incognito ergo sum (116)

anonymous's picture

25-01-2015, 21:24

At the MSX fairs recent years I've bought translated versions of Xak 1, Feedback and Daiva 4&5.
MSX software is still being translated today! I know Randam is doing lots of these projects (I know for a fact he did Feedback and Daiva, and is working on / has finished Psycho World as well)

I haven't had contact with him in a long while and I really want Psycho World in English, time to visit the next MSX fair! Big smile

By Sama

Ambassador (2070)

Sama's picture

04-04-2006, 02:02

And of course, much MSX software is being translated from Japanese to English for the upcoming WOOMB service. For an official (re-)release (and for which I am mainly responsible Tongue).

By Szczepaniak

Expert (87)

Szczepaniak's picture

10-04-2006, 11:47

So, would you say that SD-Snatcher was the first breakthrough translation EVER?

It was translated in 1993, right? I'm just trying to find out exactly where the genesis of ALL fan-translations is, and all sources point to the MSX scene.

By Latok

msx guru (3960)

Latok's picture

10-04-2006, 12:59

Well, that's because MSX is the homebase computer for Japanese gaming in general. It could indeed be the case that fan-translations started in the early 90s. Is SD Snatcher the first project Oasis did? Or did they practise a bit translating smaller japanese games?

By parallax

Expert (85)

parallax's picture

10-04-2006, 13:33

As I recall, but it's pretty vague, that SD Snatcher was their first project. There must be people here who can tell you for sure.

Historical reasons seem to be that when SD-Snatcher came out, European MSX fans had been 'playing' Japanese RPG's for some time already: just visiting every place in the gameworld to achieve progress, as opposed to reading the hints... It was clear at that point that none of these games would be translated, because only the Japanese market was still big enough to make it worth the effort. Still, many games were imported, so the problems grew: as the games got bigger and more complex you needed more information to play them properly.

So, that it was SD-Snatcher was a bit of luck. There were many other impressive games around then that included large quantities of Japanese (Falcom's Y's and Dragonslayer VI spring to mind) that were played on a large scale. It was just that SD-Snatcher looked and sounded great, so a lot of people were annoyed that they could not play it.

I personally remember that before this translation, we hacked the character sets of Dragonslayer VI, putting in the phonetic symbols in place of the japanese ones. This worked like this: you locate a japanese character block (8x8 pixels) and look it up in a translation table, so it says "su". You re-draw these characters in a 3x7 pixel font, so you can fit the two in the original block. Reinsert the new 'font' into the game.
Now, if the game says: "disuku 2" you are supposed the change the floppy disk. For us, it was also much easier to remember (weird) item names in english instead of japanese characters. This pre-dates real translations, I guess.

By Sonic_aka_T

Enlighted (4130)

Sonic_aka_T's picture

10-04-2006, 13:48

I don't know if it's really the first fanpatch for MSX, but it was certainly the breakthrough in the Dutch MSX scene. At least for the Netherlands it was indeed the genesis of fan-translations. Since we're talking pre-internet times (at least for most of us) here, the MSX scene wasn't quite as international as it is today, so I don't know if any fan-translations were made back then in other countries.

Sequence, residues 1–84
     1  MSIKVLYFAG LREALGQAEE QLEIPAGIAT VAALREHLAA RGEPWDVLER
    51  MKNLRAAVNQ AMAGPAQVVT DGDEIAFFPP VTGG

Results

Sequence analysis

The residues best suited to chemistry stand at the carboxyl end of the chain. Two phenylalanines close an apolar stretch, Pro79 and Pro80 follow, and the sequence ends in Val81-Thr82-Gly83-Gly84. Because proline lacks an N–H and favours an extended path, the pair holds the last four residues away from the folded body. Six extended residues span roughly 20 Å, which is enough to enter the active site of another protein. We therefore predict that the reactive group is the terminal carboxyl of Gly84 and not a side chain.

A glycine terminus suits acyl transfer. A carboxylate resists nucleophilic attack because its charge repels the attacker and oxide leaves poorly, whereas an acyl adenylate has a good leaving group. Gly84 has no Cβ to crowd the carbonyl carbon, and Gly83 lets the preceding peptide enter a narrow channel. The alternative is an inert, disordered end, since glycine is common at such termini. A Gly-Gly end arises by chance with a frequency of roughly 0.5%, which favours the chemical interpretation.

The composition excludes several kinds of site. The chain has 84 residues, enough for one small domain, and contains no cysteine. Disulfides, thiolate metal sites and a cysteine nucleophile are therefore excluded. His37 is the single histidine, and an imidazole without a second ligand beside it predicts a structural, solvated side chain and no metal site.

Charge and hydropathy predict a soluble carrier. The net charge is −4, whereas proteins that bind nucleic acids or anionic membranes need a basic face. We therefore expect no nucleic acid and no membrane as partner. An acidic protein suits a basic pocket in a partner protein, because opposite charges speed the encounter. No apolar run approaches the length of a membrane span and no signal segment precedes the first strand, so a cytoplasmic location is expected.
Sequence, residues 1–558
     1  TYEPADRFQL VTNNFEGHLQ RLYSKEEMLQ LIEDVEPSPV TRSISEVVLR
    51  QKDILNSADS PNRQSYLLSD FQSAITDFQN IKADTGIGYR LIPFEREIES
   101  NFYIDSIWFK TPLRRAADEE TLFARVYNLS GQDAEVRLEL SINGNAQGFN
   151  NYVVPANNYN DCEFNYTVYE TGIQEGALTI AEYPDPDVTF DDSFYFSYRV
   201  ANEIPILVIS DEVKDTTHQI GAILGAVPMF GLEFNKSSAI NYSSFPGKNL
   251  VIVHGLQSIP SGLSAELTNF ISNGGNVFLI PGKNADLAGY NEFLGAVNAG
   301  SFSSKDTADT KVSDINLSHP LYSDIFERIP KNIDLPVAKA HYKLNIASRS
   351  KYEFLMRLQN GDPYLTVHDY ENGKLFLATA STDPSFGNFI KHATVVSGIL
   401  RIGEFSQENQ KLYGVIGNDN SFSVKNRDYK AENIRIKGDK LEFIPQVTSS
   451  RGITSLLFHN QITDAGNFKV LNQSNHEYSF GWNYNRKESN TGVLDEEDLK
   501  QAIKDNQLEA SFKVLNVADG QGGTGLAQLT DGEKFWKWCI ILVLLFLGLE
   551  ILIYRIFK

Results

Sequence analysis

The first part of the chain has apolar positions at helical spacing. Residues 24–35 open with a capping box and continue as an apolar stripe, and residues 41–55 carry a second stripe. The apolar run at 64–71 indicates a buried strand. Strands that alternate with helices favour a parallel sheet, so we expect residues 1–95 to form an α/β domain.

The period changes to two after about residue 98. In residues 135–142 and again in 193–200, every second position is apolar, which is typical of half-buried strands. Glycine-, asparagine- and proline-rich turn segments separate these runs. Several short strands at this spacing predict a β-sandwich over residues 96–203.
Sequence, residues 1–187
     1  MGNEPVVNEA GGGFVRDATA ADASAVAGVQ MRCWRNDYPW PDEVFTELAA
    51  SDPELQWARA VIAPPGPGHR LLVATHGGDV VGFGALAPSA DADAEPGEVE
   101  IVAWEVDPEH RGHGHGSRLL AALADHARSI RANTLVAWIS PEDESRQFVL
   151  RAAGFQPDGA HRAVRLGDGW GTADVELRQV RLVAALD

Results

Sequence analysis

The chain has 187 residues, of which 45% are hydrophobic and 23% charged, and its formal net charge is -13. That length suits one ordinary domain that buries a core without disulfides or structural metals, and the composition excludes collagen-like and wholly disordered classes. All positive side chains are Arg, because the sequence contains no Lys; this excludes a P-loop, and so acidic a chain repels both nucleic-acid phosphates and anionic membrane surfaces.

It was however the first patch made by Oasis, which then consisted of Dennis Lardenoye and Ron Bouwland. From the tales Dennis told me in later years, they worked using just a disk editor. They loaded a modified character-set into VRAM, and just browsed the disk image looking for texts to translate. They later got help from Xelasoft, who made the patch-disk and the new copyprotection routines.

I don't know how Ron's Japanese knowledge was, but I do know Dennis had told me later his Japanese was still so, uhm, untrained, that he had to use a dictionary for most of it. He basically 'interpreted' the text, instead of really understanding 100% of what he was reading. All in all though, the translation came out pretty accurate on a whole.

After the success of the SD-Snatcher translation (more than 250 copies were sold on the first fair!), they quickly started working on other titles as well. At some point Ron left Oasis (in fact, I think he only did SD-Snatcher) and Marcel Kok and Eelco Slaaf joined. Especially Marcel helped to increase the quality of the translations a little, since he was a 2nd year Japanology student. (if Japanology is a word that is Tongue)

I was somewhat part of Oasis (kinda like their mascotte Tongue), and tried getting SNATCHER translated by helping with the technical side of things. Unfortunately though, the SNATCHER translation ran into a lot of problems as well. One of the translators never actually finished the disk he was supposed to translate, and the technical problems were too numerous to even mention. Even with some form of compression, it was very hard to actually fit the english text in the original space.

The only thing I actually did manage to finish was a translation of Big Strategy II, as it was commonly known in the Netherlands. I did this translation together with Marcel and Dennis, since I could only read kana. On the final fair day, it turned out that the patch itself didn't work on a number of computers, so we ended up having to give out patched system disks instead. The campaign texts weren't actually translated until later.

All in all, Oasis must've done like 10-20 fan translations, including some (partial) manual translations called 'Guide Books' (it usually had lots of other info apart from the manual). There was a short period where people would translate Oasis's translations into other languages to sell those, but that didn't last too long (fortunately). After that though, the fan translating scene really got started and a number of different projects were done by other people (from other countries).

Takamichi, a nice Japanese fellow, is probably one of the best-known translators outside of the Netherlands. He did the translations of a number of games, including SNATCHER, Metal Gear 2 and Illusion City. The technical aspect of Illusion City is being handled by Adriano da Cunha, who's doing an absolutely amazing job. Daniel Caetano and Dante Nishida did the technical aspect of SNATCHER.

By Sonic_aka_T

Enlighted (4130)

Sonic_aka_T's picture

10-04-2006, 14:04
Oasis on Zandvoort 1995 :)
ltr: Marcel Kok, Dennis Lardenoye, Bernard Lamers (don't think he was ever a member tho)